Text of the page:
That new array of colorful metallics inspired the ongoing development of other exciting products, including gloss and matte pigments, tints, pearls and special-effect foils, which he adapted for new applications, such as packaging, labels, trading cards, trophies, frames, wallpaper and even clothing.
Waitts also opened a door to two of the industry’s most successful innovations – holographic diffraction grating and hologram products. The evolution and explosive popularity of those foil products, which are used on paper and plastic consumer products and promotional materials, as well as in security applications, only were possible because of his commitment to research, development and reinvestment in his company’s technology.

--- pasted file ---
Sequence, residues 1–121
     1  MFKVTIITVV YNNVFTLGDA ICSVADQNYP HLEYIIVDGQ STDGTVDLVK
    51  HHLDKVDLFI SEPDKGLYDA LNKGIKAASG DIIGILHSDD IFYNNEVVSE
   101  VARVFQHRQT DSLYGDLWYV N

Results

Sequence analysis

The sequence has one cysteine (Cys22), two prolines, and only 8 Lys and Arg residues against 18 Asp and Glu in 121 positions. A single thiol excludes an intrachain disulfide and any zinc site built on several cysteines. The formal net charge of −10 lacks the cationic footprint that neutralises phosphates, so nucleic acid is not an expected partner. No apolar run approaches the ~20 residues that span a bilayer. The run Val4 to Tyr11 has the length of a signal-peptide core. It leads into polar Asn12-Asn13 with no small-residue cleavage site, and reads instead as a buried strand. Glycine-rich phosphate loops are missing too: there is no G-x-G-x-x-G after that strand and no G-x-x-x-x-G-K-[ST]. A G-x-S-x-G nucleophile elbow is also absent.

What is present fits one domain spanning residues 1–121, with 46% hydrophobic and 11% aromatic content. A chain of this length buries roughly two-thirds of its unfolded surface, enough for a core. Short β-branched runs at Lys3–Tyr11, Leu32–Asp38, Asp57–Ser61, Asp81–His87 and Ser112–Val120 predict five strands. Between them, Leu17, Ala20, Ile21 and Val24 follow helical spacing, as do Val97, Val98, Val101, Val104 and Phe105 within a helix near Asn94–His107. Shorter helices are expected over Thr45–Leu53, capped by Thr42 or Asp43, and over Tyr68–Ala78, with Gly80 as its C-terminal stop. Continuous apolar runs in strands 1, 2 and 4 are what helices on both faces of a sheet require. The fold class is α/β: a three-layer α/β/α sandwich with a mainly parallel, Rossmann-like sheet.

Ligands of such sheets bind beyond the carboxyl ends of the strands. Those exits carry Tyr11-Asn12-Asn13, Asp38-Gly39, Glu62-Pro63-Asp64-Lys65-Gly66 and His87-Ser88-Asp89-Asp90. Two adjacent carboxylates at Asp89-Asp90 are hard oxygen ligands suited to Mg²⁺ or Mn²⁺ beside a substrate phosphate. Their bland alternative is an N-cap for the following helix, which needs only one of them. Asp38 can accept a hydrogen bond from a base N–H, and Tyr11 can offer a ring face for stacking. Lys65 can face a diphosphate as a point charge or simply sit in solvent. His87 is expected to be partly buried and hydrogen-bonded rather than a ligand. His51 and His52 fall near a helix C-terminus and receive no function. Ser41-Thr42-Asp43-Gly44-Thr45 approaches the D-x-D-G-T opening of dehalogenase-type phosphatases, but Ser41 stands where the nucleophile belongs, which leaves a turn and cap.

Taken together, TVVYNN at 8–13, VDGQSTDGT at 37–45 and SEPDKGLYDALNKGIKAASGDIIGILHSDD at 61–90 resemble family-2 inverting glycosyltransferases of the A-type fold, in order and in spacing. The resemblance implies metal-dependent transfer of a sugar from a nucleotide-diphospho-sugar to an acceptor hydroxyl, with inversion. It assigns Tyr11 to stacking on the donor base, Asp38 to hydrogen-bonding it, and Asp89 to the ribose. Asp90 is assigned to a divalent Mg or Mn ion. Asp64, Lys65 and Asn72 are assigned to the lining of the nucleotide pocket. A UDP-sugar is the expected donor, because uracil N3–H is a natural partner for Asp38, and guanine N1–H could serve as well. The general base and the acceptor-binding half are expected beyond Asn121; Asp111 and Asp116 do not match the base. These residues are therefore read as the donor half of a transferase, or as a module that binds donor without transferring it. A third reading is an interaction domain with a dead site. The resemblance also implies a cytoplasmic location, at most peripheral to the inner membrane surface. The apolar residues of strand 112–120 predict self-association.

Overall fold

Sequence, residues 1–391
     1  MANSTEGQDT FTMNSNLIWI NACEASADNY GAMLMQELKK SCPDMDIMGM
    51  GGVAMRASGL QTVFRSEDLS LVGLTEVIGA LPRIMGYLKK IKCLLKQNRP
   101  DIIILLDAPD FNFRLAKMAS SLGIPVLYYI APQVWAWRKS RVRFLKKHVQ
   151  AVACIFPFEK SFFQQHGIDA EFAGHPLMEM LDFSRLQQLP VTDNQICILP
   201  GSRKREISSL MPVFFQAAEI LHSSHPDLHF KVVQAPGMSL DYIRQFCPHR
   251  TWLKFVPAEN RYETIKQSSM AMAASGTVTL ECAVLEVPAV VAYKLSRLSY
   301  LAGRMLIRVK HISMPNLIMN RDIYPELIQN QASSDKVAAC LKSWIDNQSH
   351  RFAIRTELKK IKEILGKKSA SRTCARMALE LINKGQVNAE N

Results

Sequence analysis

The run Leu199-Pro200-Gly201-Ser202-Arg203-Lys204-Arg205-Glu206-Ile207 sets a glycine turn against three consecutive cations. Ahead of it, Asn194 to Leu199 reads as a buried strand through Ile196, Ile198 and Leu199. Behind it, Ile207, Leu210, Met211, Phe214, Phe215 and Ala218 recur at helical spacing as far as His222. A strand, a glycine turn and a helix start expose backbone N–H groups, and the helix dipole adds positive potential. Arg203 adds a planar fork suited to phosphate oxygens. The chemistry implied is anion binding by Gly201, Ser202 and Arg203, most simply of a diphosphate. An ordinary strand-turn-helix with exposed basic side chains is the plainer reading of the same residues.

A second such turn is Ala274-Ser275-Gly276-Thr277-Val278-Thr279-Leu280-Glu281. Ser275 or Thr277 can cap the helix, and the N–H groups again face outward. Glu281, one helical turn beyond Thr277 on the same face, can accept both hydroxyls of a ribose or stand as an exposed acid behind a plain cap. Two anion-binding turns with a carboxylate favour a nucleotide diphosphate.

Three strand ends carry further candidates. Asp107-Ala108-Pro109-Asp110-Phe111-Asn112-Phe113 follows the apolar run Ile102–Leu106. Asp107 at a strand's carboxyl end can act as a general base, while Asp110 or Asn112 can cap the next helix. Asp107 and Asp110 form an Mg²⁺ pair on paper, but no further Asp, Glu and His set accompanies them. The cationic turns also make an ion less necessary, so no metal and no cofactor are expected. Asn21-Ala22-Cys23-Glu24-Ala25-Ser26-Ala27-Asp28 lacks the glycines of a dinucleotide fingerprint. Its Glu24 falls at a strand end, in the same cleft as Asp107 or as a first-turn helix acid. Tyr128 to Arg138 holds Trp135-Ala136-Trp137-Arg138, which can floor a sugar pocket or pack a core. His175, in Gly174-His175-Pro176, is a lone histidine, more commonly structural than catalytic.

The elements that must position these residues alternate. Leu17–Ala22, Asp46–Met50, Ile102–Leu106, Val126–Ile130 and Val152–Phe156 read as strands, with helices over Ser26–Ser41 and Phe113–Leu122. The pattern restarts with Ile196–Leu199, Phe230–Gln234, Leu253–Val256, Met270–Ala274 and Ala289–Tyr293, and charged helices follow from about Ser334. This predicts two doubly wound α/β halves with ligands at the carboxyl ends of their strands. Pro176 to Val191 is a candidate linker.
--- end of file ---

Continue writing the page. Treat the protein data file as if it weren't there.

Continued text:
“He had so many great ideas,” said his wife, Maggie. “He saw things in his head, researched the things that would make those ideas possible and made them happen. He loved learning.” Maggie explained that the creation of diffractive gratings was due to Waitts’ commitment to learning. “Bob went to California and to Europe to learn from people who were making holograms. He studied books about math to understand the angles and shapes, and then he put the art department together to make the designs of those shapes. He understood – before anyone else could see past the novelty – that with holograms, you have to make a million of one image to make any money, but with diffractive gratings, you could use a 250-foot roll and put it on anything.”